And Margot agreed.

“I made some calculations for the team at Fast and concluded that it would be very difficult to add a transmitter capability to the telescope,” Margot said.

These issues made Xinjiang the most promising candidate site. The autonomous region in western China has low population density – among the lowest in the country.

Several advanced antenna arrays are already up and running there. In Qitai, a county less than 200km (125 miles) from Urumqi in Xinjiang, a 110-metre steerable telescope – nearly 60 per cent wider than Goldstone – is under construction and expected to be finished by 2023.

The planetary radar can also monitor other targets such as space debris. It will be a dual-use facility serving both military and civilian purposes. The design, construction and operation will be led by the Chinese military with collaboration from civil institutes such as the National Astronomical Observatories under the Chinese Academy of Sciences, according to a Beijing-based astronomer informed about the project.

Li’s team said that in recent years China had achieved several breakthroughs on large-scale radar technologies. Some home-made components critical for long-range observation had outperformed similar hardware in use in the US planetary defence system.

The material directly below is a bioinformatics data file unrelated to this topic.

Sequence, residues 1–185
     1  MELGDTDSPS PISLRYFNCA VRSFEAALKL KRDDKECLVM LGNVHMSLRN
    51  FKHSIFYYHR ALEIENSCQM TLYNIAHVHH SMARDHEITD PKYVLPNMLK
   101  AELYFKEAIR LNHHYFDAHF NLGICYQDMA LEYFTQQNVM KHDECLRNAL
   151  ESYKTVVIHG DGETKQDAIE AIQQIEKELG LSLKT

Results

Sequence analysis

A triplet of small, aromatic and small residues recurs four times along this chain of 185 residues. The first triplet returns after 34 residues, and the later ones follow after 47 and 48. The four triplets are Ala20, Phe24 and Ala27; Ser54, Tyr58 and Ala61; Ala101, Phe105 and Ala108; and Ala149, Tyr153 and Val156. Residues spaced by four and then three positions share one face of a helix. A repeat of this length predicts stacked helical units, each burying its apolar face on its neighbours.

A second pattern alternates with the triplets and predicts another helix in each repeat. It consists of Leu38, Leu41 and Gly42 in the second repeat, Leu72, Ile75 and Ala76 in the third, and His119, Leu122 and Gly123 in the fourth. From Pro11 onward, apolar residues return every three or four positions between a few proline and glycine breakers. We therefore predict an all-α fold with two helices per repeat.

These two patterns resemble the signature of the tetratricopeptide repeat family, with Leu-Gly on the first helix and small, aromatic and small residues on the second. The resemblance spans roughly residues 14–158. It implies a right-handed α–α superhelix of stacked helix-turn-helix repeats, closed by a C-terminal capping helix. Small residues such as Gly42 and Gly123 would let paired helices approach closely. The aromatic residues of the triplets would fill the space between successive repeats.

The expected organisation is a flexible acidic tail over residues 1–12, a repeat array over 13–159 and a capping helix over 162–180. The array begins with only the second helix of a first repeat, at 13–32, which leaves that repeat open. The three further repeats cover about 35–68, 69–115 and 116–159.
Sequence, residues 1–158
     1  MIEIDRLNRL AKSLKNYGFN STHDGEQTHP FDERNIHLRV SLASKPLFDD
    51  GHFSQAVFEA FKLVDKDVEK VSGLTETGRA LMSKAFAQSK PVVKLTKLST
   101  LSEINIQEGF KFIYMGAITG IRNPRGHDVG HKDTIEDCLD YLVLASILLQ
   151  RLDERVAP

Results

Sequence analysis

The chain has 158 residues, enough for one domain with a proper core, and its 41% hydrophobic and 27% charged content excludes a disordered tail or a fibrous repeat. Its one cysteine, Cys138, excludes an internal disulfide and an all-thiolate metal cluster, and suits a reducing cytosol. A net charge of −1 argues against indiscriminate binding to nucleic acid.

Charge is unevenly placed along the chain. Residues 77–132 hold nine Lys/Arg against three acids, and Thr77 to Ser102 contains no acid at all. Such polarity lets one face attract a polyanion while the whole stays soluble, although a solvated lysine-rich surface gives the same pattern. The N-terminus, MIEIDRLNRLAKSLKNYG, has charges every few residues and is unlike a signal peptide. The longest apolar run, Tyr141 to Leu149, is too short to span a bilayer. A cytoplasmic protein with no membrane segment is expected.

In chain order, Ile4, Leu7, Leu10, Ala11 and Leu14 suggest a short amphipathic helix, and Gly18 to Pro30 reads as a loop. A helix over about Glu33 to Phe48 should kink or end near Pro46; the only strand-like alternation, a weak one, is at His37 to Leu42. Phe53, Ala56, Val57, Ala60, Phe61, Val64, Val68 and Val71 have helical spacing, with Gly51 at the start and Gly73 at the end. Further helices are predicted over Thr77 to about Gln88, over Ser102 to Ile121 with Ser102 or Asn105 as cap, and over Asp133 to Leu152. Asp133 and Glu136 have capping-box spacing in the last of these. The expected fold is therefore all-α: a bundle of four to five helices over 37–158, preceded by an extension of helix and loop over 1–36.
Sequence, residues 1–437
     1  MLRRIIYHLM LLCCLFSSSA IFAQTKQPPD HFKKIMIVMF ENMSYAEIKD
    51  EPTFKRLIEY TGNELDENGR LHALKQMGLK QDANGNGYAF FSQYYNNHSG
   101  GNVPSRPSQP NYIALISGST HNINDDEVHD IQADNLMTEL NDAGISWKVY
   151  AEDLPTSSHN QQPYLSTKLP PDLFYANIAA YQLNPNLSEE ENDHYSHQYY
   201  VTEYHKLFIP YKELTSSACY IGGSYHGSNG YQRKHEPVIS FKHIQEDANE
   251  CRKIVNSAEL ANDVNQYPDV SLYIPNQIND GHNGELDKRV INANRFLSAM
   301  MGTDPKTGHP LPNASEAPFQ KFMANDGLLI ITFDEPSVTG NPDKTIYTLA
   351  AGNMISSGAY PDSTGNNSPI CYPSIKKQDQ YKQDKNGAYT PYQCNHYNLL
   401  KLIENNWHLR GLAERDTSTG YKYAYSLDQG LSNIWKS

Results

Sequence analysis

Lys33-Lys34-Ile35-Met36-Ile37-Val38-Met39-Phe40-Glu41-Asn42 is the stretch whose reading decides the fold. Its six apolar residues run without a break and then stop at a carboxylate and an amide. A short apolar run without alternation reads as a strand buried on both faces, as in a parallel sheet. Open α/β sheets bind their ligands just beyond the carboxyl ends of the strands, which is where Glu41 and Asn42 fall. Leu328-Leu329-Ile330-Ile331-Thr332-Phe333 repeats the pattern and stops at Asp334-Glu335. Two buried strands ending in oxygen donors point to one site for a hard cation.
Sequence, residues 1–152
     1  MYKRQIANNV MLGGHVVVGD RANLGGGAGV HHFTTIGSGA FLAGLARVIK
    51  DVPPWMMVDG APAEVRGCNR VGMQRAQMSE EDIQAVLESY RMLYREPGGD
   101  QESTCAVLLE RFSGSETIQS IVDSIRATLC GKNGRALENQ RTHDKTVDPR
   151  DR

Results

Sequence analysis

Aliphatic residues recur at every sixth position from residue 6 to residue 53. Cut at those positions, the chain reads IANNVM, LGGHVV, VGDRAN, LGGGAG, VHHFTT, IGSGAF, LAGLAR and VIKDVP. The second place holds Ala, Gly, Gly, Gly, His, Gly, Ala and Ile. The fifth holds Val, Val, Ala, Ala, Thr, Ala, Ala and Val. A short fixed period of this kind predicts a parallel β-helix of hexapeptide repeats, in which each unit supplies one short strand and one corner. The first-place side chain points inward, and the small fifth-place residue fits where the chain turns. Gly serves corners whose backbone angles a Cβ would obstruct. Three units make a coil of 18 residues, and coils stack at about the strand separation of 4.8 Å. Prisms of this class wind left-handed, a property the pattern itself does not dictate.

But the structure of the Chinese system is complex because it would use several radio dishes instead of one to generate the beam. How to blend the radio signals from different sources into one would among the biggest challenge of the project, according to Li and Margot.

Astronomers have identified and labelled more than 400,000 asteroids in the solar system. In February 2013, an 18-metre wide asteroid exploded 30km above Chelyabinsk in Russia, injuring more than 1,000 people.

The energy released by the explosion was estimated to be 20-30 times that of the Hiroshima atomic bomb.

The United Nations has established an international asteroid warning network. It would issue warnings for all countries if an asteroid greater than 50 metres in diameter could hit the Earth with a likelihood greater than 1 per cent in 50 years.